It’s been a while since I brought you some news updates from the flu front. Here’s one just before the end of the year.

Voluntary Non-Safety-Related Recall of Specific Lots of Nasal Spray Vaccine for 2009 H1N1 Influenza
There has been a voluntary recall of specific lots of the nasal spray vaccine for H1N1. However, the CDC emphasizes that teh recall has nothing to do with unwanted side effect but is part of a routine quality assurance checks, especially for stability and shelf-life.

Flu updates, December 5

December 4, 2009 by  
Filed under HEALTHCARE

swine flu4It’s been a while since I brought you some flu updates… Here are your updates for this weekend.

CDC: Swine flu less widespread, down to 32 states
Finally, some good news about the flu swine from the Centers of Disease Prevention and Control (CDC). It seems to be on the wane in the US. Infection was widespread in 48 states in October and in 43 states in early November. As of November 21, it was down to 32 states. Unfortunately, the number of deaths especially among children does not seem to be waning. There were 27 new lab-confirmed H1N1 deaths in the under 18 year olds on that week, the highest weekly toll so far. There are reports that the H1N1 flu activity in Canada is also easing. In most parts of Europe, the epidemic is just reaching its peak. Health officials at the CDC, however warns that it may not be over yet. They expect to see another peak right after the Christmas holidays when children go back to school.

H1N1 activity waxes, wanes: WHO
In fact, flu expert at the World Health Organization (WHO) Keiji Fukuda believes we may not be out of the wood yet. Reports show that the flu is peaking, even waning in some areas. “I think it’s a little bit early to begin those discussions now because we are still in a period where some countries are still increasing in terms of infections, even though in some countries, such as the United States and Canada, it looks like infections and cases are going down.”

FDA Approves Additional Vaccine for 2009 H1N1 Influenza Virus
The US FDA approved another vaccine against the H1N1 flu in November. This was the 5th vaccine to be approved in the US and is manufactured by ID Biomedical Corp. of Quebec, Canada, owned by GlaxoSmithKline PLC (GSK).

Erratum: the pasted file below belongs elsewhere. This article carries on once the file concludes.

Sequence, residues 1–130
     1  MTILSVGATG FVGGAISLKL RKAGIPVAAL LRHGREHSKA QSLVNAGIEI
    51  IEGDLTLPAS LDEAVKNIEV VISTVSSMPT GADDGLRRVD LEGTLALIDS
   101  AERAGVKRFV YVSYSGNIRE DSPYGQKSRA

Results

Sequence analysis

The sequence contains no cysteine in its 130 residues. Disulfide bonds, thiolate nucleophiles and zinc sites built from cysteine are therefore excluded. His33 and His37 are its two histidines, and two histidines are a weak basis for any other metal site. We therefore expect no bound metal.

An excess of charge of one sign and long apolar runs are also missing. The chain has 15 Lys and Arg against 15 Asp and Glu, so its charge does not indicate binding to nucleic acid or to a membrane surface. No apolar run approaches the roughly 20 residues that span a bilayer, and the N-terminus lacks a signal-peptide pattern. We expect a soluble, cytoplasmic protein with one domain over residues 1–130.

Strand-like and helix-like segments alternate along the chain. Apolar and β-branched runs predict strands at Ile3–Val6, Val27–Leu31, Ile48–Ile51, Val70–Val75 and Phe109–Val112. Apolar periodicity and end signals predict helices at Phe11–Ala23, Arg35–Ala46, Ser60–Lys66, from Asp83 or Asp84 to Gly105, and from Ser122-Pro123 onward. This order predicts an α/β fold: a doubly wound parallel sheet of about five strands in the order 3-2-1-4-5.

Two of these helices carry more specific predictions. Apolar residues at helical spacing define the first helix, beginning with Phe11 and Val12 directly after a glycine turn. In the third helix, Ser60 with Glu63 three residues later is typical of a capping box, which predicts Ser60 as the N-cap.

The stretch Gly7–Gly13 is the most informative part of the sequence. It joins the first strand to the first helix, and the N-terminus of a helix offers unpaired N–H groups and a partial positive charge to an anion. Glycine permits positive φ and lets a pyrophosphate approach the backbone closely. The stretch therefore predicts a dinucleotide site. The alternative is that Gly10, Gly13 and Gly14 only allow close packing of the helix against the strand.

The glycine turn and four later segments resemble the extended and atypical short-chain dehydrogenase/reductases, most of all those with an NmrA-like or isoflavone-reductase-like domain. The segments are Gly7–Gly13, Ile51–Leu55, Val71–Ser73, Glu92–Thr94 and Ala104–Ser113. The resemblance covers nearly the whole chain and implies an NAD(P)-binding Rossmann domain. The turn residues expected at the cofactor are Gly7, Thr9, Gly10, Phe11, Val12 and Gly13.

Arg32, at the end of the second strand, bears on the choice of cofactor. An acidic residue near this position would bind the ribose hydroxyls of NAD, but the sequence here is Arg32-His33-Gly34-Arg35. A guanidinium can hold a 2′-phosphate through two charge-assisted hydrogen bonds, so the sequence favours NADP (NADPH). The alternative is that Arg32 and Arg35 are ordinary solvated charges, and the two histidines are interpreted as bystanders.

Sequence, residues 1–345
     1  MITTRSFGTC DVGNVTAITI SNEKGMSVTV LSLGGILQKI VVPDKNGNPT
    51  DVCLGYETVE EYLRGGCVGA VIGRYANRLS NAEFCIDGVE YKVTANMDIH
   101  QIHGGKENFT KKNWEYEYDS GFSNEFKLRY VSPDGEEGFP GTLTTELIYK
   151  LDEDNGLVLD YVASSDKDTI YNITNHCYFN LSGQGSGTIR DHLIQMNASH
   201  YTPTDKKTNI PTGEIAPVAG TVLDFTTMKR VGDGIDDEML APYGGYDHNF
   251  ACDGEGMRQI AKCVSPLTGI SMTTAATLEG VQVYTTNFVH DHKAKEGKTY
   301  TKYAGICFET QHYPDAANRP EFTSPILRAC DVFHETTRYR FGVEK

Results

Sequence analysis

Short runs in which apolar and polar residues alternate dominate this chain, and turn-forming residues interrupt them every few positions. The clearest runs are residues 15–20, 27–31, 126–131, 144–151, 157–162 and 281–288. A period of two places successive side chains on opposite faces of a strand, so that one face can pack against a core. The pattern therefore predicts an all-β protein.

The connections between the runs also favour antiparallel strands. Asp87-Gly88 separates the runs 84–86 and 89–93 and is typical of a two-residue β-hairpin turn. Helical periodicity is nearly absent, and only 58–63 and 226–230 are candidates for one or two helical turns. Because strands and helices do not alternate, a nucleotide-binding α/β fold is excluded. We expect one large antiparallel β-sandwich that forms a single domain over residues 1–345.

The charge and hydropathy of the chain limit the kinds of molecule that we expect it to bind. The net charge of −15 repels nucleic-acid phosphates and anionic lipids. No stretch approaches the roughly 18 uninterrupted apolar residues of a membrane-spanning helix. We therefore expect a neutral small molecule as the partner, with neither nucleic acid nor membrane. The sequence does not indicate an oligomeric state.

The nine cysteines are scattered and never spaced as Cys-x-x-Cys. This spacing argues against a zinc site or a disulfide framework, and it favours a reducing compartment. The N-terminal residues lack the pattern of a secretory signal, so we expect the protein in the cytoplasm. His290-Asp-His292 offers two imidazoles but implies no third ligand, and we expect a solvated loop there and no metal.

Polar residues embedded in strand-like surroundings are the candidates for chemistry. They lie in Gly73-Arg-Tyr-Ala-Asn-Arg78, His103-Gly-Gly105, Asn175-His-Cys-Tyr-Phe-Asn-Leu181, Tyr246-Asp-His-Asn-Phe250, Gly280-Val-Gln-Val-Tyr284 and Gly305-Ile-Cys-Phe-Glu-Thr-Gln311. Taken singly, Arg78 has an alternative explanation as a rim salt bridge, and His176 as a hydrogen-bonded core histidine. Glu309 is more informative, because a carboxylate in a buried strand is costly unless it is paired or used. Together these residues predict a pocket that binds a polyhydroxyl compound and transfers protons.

WHO approves Glaxo’s swine flu shot
The World Health Organization (WHO) has also certified one of GSK’s flu vaccine made in Canada for distribution in 95low-income countries. This vaccine contains an adjuvant which will boost the immune system.
A batch of the same vaccine was withdrawn last month due to the high incidence of allergic reactions.

Flu.gov on Twitter
To spread the flu news faster that the flu bug is spreading, health authorities in the US is using social media particularly twitter.  The FluGov twitter bio says “One-stop access to U.S. Government H1N1, avian and pandemic flu information.”  Check out the latest webcast in a briefing by CDC director Dr. Thomas Frieden.

WHO: Clinical Management of Human Infection with Pandemic (H1N1) 2009: Revised Guidance
WHO also issued a revision of the H1N1 flu guidelines which included

Photo credit:stock.xchng

Children with asthma more susceptible to H1N1 flu

November 23, 2009 by  
Filed under ASTHMA

Children have been shown to be highly vulnerable when it comes to catching the H1N1 flu. Furthermore, children with asthma seem to be more likely to develop serious symptoms and complications. This is according to a study conducted by researchers from The Hospital for Sick Children (SickKids) in Toronto, Ontario, Canada. The researchers looked at the charts of 58 pediatric H1N1 patients admitted to the said hospital between May and July of this year and compared them with 200 other pediatric patients who were admitted due to the seasonal flu from 2004 and 2008. The study showed that

  • Children admitted for H1N1 flu tended to be older (5 years or older) than those admitted for seasonal flu.
  • 84% of H1N1 pediatric patients had fever and cough; 37% had gastrointestinal problems including diarrhea and vomiting
  • 22% of children who had the H1N1 flu had asthma; only 6% of those who had the seasonal had asthma.
  • Almost 50% of pediatric patients admitted to the ICU due to H1N1 flu had asthma.
  • In larger samples, 21 to 30% of hospitalizes H1N1 cases are linked to asthma.

According to researcher Dr. Upton Allen

“The most striking finding in our study was the high prevalence of asthma among children admitted with pandemic H1N1 influenza compared with those admitted in previous influenza seasons. Asthma has been identified as a significant risk factor for admission with pandemic H1N1 influenza, present in 21%-30% in the larger samples.”

This finding indicates that asthma is a major risk factor for severe H1N1 symptoms especially in children, even among those with mild asthma. The authors recommend that children with asthma be considered as high risk individuals and should be vaccinated for H1N1 and considered fro antiviral therapy.

According to the Centers for Disease Prevention and Control, 138 deaths among children have been attributed to the H1N1 influenza virus infections in US from August 30 to November 14, 2009. This number could be broken down into the following age groups:

Epidemiology experts believe that the best way to control the H1N1 flu is to start vaccinating children. According to Dr. David Kimberlin of the University of Alabama at Birmingham